The evolution of Alliance universities shows just how innovative we can be and the extent to which we have played the role of disruptive challengers changing the sector as a whole for the better. With leading courses meeting the demands of living and working in a modern, global economy; 89% of Alliance university graduates employed six months after graduation; 31% of graduate start-ups that survive three years or more; over a fifth of the UK’s top research in engineering, allied health and design; over 20,000 business links including 13,000 with SMEs; and an estimated economic impact of £10bn – we are not only defining the shape of the higher education sector, but importantly, the UK’s global competitiveness.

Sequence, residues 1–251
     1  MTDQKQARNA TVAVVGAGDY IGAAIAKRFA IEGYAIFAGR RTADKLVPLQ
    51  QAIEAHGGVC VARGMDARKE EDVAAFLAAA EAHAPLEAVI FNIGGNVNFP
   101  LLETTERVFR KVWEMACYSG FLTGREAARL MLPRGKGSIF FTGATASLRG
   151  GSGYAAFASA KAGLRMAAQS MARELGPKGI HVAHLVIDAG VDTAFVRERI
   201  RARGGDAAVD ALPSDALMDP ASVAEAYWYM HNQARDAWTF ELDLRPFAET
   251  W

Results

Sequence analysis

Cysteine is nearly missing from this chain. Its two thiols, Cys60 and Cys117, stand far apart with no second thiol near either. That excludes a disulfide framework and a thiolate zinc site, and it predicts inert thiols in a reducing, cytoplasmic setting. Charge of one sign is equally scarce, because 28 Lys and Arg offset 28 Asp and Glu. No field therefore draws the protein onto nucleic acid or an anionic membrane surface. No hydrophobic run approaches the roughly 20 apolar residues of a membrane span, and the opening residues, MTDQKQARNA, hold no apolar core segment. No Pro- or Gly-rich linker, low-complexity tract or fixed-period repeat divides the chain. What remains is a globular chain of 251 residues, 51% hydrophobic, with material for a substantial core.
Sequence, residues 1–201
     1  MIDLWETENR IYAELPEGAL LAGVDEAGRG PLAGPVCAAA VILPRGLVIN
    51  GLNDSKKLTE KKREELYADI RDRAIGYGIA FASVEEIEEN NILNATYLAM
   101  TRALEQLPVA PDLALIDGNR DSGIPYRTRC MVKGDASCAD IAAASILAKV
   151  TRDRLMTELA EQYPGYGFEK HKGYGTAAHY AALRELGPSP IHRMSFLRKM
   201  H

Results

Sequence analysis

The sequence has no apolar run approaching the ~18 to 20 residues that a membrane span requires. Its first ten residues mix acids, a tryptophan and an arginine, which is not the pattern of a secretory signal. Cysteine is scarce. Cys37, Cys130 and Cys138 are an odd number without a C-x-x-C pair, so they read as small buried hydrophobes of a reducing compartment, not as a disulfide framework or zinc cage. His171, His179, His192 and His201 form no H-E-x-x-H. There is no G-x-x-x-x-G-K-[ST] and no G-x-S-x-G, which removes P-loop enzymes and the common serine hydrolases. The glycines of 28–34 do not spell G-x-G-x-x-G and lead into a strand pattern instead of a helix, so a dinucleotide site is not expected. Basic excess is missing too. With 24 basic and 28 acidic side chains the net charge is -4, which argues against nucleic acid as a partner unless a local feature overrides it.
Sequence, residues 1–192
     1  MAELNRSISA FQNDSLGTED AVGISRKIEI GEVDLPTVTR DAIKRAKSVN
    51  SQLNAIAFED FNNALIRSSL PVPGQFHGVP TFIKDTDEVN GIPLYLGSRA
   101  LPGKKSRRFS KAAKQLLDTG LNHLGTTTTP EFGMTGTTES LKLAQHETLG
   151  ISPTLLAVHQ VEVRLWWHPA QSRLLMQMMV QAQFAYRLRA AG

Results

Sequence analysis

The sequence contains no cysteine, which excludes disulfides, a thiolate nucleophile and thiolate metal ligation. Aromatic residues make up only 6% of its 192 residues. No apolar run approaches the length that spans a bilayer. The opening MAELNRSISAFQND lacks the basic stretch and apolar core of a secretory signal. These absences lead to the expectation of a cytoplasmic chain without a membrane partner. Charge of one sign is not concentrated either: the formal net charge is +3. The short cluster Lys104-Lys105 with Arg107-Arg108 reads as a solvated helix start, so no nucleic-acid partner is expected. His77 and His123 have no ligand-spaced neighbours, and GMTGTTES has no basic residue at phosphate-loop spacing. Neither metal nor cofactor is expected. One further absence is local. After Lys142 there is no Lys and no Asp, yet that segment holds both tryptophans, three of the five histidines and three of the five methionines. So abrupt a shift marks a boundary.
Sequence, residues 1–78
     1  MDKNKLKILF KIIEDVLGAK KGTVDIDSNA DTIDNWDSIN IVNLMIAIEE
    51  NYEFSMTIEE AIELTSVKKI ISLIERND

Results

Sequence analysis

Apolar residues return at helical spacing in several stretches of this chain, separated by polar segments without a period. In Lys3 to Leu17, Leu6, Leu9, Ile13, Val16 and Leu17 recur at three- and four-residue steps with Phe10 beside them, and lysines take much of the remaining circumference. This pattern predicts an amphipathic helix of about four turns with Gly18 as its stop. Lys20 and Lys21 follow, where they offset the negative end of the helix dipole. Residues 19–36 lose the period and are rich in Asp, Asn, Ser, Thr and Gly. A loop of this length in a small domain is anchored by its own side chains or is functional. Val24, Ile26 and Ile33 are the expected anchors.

Alliance universities are already leaders in our cities and regions, working with partners to develop and deliver strategies for growth. With a growing political clamour for devolution to cities and regions, our strengths and position are well-aligned to the priorities of the government and its future thinking.

Working collectively in identifying the needs of the future economy and helping the UK compete as a knowledge economy in the 21st Century, will be essential to our continued success. At the University Alliance Summit today we explored innovative and ambitious new ways in which we can achieve this and collectively further drive forward the UK’s competitiveness.